The families of flowering plants
Habit and leaf form. Trees, or shrubs, or lianas. Self supporting, or climbing. Leaves opposite (usually), or alternate (Trigoniastrum); simple. Lamina entire; pinnately veined. Leaves stipulate. Stipules interpetiolar; concrescent (often, when the leaves are opposite), or free of one another; caducous.
Leaf anatomy. The leaf lamina dorsiventral. Mucilaginous epidermis often present. Stomata present; mainly confined to one surface (abaxial); paracytic. Hairs present; eglandular; exclusively unicellular. Unicellular hairs simple. Complex hairs absent. Adaxial hypodermis sometimes present. The mesophyll containing mucilage cells (in the hypodermis), or not containing mucilage cells; containing crystals. The crystals druses, or solitary-prismatic.
Axial (stem, wood) anatomy. Secretory cavities absent. Cork cambium present; initially superficial (sub-epidermal). Primary vascular tissues in a cylinder, without separate bundles, or comprising a ring of bundles; collateral. Internal phloem absent. Medullary bundles present (in a Trigonia sp.?), or absent. Secondary thickening developing from a conventional cambial ring.
The wood diffuse porous. The vessels usually solitary. The vessel end-walls simple, or scalariform and simple. The vessels without vestured pits; without spiral thickening. The axial xylem with tracheids; with fibre tracheids; including septate fibres (rarely), or without septate fibres. The fibres with spiral thickening (rarely), or without spiral thickening. The parenchyma apotracheal, or apotracheal and paratracheal; wood not storied.
Reproductive type, pollination. Plants hermaphrodite. Pollination entomophilous.
Inflorescence, floral, fruit and seed morphology. Flowers aggregated in inflorescences; in cymes, or in racemes, or in panicles (or thyses). The ultimate inflorescence units cymose. Inflorescences terminal, or axillary; various, partly or wholly cymose. Flowers bi- or tri- bracteolate; very irregular; obliquely zygomorphic. The floral irregularity involving the perianth and involving the androecium. Flowers pseudo-papilionaceous (the posterior standard interior); cyclic. Free hypanthium present (but slight), or absent. Hypogynous disk present; of separate members (in the form of (1)23 glands, usually adjoining the slit in the staminal tube).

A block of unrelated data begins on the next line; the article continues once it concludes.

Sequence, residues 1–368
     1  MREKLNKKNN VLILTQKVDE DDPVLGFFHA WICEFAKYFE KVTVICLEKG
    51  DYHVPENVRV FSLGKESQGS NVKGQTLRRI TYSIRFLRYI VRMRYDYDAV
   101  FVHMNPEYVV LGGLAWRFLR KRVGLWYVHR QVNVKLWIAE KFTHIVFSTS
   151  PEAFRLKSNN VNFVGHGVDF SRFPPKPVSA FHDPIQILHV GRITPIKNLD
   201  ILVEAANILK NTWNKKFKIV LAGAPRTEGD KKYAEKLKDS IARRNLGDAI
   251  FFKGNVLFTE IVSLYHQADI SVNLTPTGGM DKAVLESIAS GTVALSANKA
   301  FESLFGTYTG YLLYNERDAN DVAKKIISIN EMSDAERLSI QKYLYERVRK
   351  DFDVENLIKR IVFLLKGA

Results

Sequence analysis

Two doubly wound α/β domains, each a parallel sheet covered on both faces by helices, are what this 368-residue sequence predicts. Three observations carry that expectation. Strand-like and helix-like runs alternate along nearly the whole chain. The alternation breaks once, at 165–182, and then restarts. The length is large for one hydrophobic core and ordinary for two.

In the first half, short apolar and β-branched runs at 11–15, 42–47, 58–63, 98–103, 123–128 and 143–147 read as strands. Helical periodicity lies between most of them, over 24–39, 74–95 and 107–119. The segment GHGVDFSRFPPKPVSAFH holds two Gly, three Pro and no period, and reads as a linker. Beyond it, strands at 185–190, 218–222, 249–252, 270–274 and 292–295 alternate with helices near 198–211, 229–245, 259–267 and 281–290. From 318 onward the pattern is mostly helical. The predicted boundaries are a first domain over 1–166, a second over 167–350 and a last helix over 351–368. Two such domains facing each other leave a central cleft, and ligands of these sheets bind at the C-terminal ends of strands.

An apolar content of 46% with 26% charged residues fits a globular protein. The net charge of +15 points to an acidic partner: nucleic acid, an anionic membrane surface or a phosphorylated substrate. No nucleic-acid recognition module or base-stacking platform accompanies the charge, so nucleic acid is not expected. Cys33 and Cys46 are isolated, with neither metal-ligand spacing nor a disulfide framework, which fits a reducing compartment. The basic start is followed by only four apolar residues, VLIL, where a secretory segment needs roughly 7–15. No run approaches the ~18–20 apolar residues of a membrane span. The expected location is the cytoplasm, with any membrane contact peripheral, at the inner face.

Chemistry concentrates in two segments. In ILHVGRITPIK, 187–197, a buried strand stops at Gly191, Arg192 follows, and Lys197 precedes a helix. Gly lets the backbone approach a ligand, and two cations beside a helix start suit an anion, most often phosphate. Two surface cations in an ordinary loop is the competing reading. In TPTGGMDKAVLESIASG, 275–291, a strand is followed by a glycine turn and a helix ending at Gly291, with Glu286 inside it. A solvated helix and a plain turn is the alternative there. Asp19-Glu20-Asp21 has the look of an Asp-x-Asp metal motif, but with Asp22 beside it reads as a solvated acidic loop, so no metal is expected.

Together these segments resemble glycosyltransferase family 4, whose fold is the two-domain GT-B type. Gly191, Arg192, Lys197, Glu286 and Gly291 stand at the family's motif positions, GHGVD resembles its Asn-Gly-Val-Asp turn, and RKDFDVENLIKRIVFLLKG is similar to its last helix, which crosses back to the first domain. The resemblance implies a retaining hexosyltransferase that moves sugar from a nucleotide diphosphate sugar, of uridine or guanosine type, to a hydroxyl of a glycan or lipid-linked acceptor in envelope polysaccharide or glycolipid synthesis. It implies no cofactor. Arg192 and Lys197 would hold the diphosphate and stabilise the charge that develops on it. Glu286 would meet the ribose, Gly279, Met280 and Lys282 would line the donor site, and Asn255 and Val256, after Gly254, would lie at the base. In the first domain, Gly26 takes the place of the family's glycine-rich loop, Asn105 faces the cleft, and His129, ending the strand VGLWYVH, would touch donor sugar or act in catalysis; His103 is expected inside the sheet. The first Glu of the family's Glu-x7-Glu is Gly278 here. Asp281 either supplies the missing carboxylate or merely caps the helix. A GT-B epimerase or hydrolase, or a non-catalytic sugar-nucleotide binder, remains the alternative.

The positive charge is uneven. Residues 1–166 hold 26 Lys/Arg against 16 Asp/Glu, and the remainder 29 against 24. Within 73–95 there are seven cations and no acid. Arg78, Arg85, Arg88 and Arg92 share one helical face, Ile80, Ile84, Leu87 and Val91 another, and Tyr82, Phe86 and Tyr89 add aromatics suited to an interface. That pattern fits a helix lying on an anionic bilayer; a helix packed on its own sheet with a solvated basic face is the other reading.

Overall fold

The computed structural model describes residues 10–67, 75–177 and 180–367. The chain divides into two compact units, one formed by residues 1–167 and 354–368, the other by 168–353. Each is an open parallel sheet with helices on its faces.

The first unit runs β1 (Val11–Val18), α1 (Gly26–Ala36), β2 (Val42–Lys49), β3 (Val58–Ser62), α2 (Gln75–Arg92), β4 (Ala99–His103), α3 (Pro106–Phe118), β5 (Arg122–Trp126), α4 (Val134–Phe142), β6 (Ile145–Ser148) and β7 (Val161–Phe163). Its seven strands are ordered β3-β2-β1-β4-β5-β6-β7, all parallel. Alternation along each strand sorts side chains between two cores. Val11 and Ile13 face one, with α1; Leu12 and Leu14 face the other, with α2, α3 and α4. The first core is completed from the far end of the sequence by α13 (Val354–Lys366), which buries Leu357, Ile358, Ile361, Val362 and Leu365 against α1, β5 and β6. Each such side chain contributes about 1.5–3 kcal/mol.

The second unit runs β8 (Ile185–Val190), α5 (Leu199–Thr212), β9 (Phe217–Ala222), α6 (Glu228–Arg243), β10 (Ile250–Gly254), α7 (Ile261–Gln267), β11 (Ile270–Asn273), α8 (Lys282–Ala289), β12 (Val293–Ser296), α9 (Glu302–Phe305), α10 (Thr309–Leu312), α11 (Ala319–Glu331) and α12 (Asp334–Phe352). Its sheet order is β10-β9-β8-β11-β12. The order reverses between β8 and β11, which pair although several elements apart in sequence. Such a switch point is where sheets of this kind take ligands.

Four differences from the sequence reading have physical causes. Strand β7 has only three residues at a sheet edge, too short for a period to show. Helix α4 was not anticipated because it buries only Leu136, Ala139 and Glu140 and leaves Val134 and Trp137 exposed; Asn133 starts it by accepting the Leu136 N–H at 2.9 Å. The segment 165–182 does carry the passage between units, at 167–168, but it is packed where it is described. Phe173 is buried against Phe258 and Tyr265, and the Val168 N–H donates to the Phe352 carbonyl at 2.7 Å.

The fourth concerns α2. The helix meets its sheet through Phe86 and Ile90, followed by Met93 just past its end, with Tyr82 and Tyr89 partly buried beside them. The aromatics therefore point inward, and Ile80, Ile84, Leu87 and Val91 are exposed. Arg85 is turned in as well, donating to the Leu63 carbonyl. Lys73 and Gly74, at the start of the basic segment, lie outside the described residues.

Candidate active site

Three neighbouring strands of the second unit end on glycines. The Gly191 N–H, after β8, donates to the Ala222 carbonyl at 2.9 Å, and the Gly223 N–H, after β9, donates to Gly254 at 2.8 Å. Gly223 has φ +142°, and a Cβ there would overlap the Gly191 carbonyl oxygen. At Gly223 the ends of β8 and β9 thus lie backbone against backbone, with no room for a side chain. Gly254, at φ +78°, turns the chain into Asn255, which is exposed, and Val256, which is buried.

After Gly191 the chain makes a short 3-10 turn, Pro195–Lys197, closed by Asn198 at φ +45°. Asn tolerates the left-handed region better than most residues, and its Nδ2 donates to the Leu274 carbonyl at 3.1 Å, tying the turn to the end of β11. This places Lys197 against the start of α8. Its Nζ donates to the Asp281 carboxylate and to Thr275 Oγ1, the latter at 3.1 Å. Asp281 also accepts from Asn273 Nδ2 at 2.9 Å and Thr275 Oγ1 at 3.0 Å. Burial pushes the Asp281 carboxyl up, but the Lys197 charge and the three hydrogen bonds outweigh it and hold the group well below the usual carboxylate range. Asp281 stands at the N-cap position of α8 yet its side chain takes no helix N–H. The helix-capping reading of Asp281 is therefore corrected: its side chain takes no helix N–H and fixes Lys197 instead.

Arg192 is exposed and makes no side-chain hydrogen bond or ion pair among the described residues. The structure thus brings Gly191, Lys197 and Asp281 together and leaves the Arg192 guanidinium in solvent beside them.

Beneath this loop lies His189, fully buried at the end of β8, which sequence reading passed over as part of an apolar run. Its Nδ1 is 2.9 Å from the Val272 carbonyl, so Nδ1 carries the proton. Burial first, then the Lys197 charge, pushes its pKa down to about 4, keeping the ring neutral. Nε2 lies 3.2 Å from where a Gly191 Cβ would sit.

Perianth with distinct calyx and corolla; 8, or 10; 2 whorled; isomerous, or anisomerous. Calyx 5; 1 whorled; gamosepalous; unequal but not bilabiate; neither appendaged nor spurred; imbricate; with the median member posterior. Corolla 3, or 5; 1 whorled; polypetalous; imbricate, or contorted, or valvate (rarely, or subimbricate); unequal but not bilabiate (the petals usually 5, the two anterior (lower, outer) members forming an often saccate keel, the posterior (inner, upper) one forming a basally usually saccate or spurred standard, the two laterals forming flat, spathulate wings); spurred (sometimes, via the standard), or not spurred.